and the commutation rules are

If the rotation matrix is approximated to:

then we have that the rotation matrix is antisymmetric, since we should have

or

so the matrix generators are antisymmetric matrices in the Lie algebra. That is, the generators are real and antisymmetric. The S-matrices span the full real Lie algebra. In the same way, we could do the same for the complex group and we could obtain the Lie algebra over the complex numbers with added to the real of the real Lie group. This defines a “complexification” of the Lie group and it implies that:

Do you remember this algebra but with another different notation? Yes! This is the same Lie algebra we obtained in the case of the Lorentz group. Therefore, the Lie algebras of and are isomorphic if we make the identifications:

The rotation part of is the rotation part of

The boost part of is the complex conjugated (rotation-like) part of

Then for every matrix we have

and for every matrix we have

For instance, a bivector boost in some axis provides:

and where in the first matrix, it acts on , the second matrix (as the first one) acts also on a complex sixtor, and where the rotation around the axis perpendicular to the rotation plane is defined by the matrix operator:

and this matrix would belong to the real orthogonal group .

**Note:** Acting onto the sixtor as a bivector field shows that it generates the correct Lorentz transformation of the full electromagnetic field! The check is quite straightforward, since

From this complex matrix we easily read off the transformation of electric and magnetic fields:

Note the symmetry between electric and magnetic fields hidden in the sixtor/bivector approach!

For the general Lorentz transformation we have the invariants

# LOG#092. Group theory(XII).

**Posted:**2013/04/17

**Filed under:**Group Theory: basics, Physmatics |

**Tags:**density energy of the electromagnetic field, Dirac equation, Dirac-like equation, feynmanity, group theory, Lorentz group, Lorentz symmetry, Maxwell equations, Poynting vector, Relativity, Riemann-Silberstein vector, sixtor, SO(3;C), special relativity, undor Leave a comment

In the next group theory threads we are going to study the relationship between Special Relativity, electromagnetic fields and the complex group .

There is a close interdependence of the following three concepts:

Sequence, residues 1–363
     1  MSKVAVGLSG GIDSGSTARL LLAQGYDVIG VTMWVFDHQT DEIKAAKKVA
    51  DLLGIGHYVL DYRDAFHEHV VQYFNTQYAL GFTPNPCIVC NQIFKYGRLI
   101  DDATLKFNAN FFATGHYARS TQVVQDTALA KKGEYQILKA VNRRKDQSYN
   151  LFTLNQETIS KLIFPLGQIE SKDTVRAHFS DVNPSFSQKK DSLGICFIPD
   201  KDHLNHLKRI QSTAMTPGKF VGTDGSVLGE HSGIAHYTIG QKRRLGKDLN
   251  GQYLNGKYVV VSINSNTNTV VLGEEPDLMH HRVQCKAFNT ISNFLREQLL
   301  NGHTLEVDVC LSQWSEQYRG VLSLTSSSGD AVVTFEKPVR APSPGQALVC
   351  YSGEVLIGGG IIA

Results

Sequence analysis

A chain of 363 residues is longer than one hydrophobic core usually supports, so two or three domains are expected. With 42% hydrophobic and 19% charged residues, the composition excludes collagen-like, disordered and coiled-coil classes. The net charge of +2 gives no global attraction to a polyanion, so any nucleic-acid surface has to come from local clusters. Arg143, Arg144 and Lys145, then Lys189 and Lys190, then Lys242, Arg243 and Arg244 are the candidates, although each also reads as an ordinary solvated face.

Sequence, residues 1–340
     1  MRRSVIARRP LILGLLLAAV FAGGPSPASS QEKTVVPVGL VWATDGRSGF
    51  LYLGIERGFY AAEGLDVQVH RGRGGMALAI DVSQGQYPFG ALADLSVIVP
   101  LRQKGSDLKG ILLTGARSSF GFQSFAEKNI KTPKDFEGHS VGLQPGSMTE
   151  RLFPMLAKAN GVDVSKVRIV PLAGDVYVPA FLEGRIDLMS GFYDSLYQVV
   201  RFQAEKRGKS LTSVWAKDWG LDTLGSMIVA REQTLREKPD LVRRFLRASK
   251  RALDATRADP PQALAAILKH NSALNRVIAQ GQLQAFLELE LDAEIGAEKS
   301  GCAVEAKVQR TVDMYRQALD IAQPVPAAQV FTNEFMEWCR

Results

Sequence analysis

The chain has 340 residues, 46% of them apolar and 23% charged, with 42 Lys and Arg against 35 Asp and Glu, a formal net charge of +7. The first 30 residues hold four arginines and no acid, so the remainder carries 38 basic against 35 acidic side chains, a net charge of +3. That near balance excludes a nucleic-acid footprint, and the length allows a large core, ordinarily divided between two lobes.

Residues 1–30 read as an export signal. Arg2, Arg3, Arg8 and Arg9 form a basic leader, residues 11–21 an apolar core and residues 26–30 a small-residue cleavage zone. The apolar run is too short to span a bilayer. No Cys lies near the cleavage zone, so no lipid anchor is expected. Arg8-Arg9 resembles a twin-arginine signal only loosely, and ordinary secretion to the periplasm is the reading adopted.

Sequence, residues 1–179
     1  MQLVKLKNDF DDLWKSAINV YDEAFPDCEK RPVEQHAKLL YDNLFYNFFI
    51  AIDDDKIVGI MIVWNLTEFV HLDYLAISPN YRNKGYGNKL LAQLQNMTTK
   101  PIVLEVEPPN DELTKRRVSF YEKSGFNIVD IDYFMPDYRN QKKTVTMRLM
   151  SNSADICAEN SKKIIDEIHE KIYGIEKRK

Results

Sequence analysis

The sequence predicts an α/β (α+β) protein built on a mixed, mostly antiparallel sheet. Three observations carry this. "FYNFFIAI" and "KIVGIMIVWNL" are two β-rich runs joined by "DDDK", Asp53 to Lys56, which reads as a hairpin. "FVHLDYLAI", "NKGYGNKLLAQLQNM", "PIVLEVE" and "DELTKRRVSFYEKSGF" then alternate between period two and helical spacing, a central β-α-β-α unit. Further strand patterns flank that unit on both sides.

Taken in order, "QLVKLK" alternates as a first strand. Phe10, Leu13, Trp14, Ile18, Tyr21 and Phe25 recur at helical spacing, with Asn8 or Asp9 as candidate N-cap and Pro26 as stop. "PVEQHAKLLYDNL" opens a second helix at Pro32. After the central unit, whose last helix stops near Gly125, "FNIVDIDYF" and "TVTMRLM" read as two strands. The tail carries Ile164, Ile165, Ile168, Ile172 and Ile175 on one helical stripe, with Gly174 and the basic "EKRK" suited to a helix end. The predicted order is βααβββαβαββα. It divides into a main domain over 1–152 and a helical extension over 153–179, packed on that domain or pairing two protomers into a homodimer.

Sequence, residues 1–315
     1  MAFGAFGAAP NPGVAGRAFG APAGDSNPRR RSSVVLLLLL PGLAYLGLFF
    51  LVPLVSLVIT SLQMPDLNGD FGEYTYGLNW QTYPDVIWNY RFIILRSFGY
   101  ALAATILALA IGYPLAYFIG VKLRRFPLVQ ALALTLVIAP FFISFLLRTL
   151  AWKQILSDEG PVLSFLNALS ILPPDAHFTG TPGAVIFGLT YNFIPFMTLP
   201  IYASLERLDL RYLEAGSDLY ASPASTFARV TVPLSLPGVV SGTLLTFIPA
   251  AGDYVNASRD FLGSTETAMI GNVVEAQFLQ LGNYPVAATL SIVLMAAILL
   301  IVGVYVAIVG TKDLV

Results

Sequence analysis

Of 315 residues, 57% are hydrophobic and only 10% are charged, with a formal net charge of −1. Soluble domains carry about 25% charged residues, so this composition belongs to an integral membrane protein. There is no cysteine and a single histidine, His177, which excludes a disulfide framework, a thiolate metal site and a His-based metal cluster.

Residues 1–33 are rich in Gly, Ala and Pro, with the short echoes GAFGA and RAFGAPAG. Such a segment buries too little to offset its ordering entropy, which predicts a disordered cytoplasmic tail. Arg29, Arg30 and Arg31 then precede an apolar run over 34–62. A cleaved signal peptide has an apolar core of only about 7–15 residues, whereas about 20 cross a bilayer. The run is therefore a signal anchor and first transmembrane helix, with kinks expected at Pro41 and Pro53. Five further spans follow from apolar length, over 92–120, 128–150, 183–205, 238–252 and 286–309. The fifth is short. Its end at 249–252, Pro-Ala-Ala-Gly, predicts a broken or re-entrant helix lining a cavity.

The classical electromagnetic fields and can be in fact combined into a complex six dimensional (6D) vector, sometimes called SIXTOR or Riemann-Silberstein vector:

and where the numerical prefactor is conventional ( you can give up for almost every practical purposes).

Moreover, we have

where and so

and where we have used natural units for simplicity.

The Maxwell-Faraday equation reads:

The Ampère circuital law in vacuum reads:

These two equations can be combined into a single equation using the Riemann-Silberstein vector or sixtor :

**Check:**

A)

B) Comparing both sides in A), we easily get and

We can take the divergence of the time derivative of the sixtor:

Therefore, and hold in the absence of electric and magnetic charges on any section of a Minkovski spacetime, and everywhere! The presence of electric charges and the absence of magnetic charges, the so-called magnetic monopoles, breaks down the gauge symmetry of

Introducing 3 matrices with the aid of the 3D Levi-Civita tensor , the completely antisymmetric tensor with 3 indices such that and we can write these matrices as follows:

so

If for , then

We can define matrices so

and then for . Experts in Clifford/geometric algebras will note that these matrices are in fact “Dirac matrices” up to a conventional sign.

In fact, you can admire the remarkable similarity between the sixtor equation AND the Dirac equation as follows:

**In summary:** the sixtor equation is a Dirac-like equation (but of course the electromagnetic field is not a fermion!).

The equation for , since , will be the feynmanity

where

Let us define the formal adjoint field and the 4 components of a “density-like” quantity

Then, we can recover the classical result that says that the energy density and the Poynting vector of the electromagnetic field is

These equations provide an important difference between the Dirac equation for a massive spin true (anti)particle and the electromagnetic massless spin photon, because you can observe that in the former case you HAVE:

and you HAVE

in the latter (the electromagnetic field has not mass term!). In fact, you also have that for a Dirac field the current is defined to be:

and it transforms like a VECTOR field under Lorentz transformations, while the previous current are the components of some stress-energy-momentum !!!! They are NOT the same thing!

In fact, transform under the and (complex conjugated) representation of the proper Lorentz group.

**Remark:** Belinfante coined the term “undor” when dealing with fields transforming according to some specific representations of the Lorentz group.